There will be no simple way to increase income tax revenue using Wales’ new devolved tax powers, according to a new report by Cardiff University academics for the Wales Centre for Public Policy.
‘The Welsh Tax Base: Risks and Opportunities after Fiscal Devolution’, written for the WCPP by researchers at the Wales Governance Centre, highlights that the performance of the Welsh economy will directly impact potential future tax receipts.
As debate intensifies around Wales’ new powers over income tax rates, the report highlights:
The report also finds several risks to future devolved tax revenue:
Dan Bristow, Director of Policy and Practice at the Wales Centre for Public Policy, said:
“Once the partial devolution of income tax is complete in April 2019, the Welsh Government and local councils will control nearly £5 billion of tax revenues – 30% of their current spending.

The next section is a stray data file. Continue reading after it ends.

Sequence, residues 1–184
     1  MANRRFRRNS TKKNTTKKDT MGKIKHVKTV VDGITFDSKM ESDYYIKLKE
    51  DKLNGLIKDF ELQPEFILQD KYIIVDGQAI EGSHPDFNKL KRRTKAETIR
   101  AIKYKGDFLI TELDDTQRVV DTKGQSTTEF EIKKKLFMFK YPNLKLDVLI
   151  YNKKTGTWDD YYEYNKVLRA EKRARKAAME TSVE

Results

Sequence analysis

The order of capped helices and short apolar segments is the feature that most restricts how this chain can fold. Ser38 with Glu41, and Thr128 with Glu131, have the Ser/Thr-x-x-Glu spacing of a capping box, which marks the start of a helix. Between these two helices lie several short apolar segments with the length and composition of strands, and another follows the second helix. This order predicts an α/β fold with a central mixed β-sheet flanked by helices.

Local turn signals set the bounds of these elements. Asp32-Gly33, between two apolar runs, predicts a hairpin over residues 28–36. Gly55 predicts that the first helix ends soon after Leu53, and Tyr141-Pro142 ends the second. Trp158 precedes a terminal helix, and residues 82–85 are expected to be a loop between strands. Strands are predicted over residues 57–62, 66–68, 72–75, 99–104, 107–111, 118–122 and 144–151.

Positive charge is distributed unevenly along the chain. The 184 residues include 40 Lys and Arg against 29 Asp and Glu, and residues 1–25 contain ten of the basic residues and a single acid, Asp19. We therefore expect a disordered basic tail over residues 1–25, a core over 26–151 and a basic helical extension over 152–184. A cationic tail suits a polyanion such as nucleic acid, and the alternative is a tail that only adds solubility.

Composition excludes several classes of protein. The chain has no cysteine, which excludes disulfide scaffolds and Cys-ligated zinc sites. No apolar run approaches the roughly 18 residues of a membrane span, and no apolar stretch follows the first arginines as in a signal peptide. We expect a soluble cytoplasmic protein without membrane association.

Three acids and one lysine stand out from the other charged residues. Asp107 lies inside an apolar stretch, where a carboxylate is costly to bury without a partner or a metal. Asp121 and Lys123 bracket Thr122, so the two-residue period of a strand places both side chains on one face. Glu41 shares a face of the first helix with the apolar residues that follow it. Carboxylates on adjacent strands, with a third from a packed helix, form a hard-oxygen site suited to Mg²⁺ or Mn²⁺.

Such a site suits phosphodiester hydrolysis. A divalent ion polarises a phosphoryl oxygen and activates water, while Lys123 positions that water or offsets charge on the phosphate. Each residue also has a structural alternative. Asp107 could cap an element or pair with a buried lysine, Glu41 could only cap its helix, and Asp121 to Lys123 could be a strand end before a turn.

“With greater tax powers comes greater responsibility, and our report sets out what needs to be kept in mind so these powers can be used responsibly.
“There’s a limit to which tax policy should itself be used to achieve wider policy goals, as even small well-meaning changes could have profound effects on the amount of money brought in.”
Guto Ifan of Cardiff University’s Wales Governance Centre said:
“The Welsh Government now has the opportunity to chart its own course on tax policy in Wales, and policy-makers need to consider how best to raise revenue from the Welsh tax base to pay for devolved public services.
“Given the potential knock-on effects of any change in income tax rates in Wales, it would be sensible to reform Council Tax at the same time to create a holistic approach to taxation.
“Given the influence that wider policy areas like education and housing have on the economy, there are cross-departmental challenges for the Welsh Government to ensure it successfully manages the increased risk inherent to fiscal devolution.”